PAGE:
The scientific method is a tool that functions to simplify our good questions so that we can get usable, understandable answers. The disadvantage of the scientific method is that it teaches us to believe in simplistic, linear, either/or solutions that are not true in real Life, and also allows us to believe that humans have powers that we do not have in the balanced universe.
My definition of modern basic science is: the study of measurable facts using the scientific method. Basic science is not about winning; good basic scientists really do enjoy learning the right answers to good questions, even if they have to change their own opinions to align them with reality. In fact, those changes are part of the excitement of good basic science.
This is not the popular idea of science, which is more about technology than inquiry. The two disciplines, basic science and technology, are fundamentally different in that technology is all about what people want, and basic science is all about how the universe functions.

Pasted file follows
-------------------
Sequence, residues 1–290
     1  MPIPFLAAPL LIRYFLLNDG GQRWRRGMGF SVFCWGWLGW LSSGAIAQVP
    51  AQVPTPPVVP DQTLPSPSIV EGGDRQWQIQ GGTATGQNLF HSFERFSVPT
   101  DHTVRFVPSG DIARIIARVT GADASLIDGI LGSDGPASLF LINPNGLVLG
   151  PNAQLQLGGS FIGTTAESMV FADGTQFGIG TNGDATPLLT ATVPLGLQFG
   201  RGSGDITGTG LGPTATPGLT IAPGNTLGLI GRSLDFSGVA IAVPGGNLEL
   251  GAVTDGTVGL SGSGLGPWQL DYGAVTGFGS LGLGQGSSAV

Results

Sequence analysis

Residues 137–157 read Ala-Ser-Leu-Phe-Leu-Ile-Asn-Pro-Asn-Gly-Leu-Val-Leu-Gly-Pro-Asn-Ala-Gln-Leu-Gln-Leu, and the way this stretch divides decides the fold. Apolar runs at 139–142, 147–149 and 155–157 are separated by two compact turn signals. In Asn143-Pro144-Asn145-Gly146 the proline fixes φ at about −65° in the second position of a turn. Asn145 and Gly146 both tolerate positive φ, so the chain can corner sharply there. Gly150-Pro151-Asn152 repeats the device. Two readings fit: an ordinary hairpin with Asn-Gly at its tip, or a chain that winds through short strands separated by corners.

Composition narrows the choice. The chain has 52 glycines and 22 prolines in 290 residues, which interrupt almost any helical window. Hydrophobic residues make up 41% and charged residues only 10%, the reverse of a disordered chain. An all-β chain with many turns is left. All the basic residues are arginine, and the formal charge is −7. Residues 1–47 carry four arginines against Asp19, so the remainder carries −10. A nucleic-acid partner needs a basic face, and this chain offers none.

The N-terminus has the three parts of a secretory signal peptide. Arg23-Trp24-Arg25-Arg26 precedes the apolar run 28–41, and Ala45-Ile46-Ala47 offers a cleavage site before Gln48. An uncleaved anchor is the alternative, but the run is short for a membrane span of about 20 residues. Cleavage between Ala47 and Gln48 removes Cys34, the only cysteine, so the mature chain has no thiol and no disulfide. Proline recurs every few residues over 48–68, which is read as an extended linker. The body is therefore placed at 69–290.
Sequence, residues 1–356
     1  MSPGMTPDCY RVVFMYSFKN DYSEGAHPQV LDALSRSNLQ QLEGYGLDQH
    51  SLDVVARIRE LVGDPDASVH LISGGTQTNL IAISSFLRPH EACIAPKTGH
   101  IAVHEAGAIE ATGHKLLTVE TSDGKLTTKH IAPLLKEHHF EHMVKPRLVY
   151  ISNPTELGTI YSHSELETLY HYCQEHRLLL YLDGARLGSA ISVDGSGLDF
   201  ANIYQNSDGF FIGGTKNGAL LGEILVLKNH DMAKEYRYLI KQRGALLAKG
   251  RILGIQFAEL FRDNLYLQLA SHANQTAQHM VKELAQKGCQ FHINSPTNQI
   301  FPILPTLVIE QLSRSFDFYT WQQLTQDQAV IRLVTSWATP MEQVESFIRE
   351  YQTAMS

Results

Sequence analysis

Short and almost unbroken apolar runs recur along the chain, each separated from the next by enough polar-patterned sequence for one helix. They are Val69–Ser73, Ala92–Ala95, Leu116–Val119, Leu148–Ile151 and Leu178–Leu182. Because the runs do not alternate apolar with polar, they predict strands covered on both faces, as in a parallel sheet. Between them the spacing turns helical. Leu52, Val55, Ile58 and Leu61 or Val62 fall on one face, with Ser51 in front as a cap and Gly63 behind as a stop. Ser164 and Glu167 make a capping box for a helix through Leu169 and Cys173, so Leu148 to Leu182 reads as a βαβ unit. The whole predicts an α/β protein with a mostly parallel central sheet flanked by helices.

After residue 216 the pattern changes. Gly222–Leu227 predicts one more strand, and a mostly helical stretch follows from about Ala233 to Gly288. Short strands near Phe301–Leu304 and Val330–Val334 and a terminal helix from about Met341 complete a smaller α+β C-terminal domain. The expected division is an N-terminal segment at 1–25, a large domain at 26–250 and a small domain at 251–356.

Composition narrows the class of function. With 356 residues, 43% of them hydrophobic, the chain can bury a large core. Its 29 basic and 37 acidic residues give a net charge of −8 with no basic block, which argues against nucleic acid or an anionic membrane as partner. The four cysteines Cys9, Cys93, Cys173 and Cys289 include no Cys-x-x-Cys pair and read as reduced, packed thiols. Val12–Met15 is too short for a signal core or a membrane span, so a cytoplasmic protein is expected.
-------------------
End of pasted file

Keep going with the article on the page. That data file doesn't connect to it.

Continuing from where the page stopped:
Some people have a problem when science uses “statistics.” We know that statistics are often misused, but it is not true that good statistics “lie.” Statistics is just another tool that’s useful for scientists in the interpretation stage of the scientific method. The challenge is to do the analysis properly and well. To do the work properly and well often requires more than one person, and that is one important reason for peer review of scientific papers. The work of every good scientist is open to review by other scientists who know equally as much about the topic. In fact, it is open to review by everyone. Including you.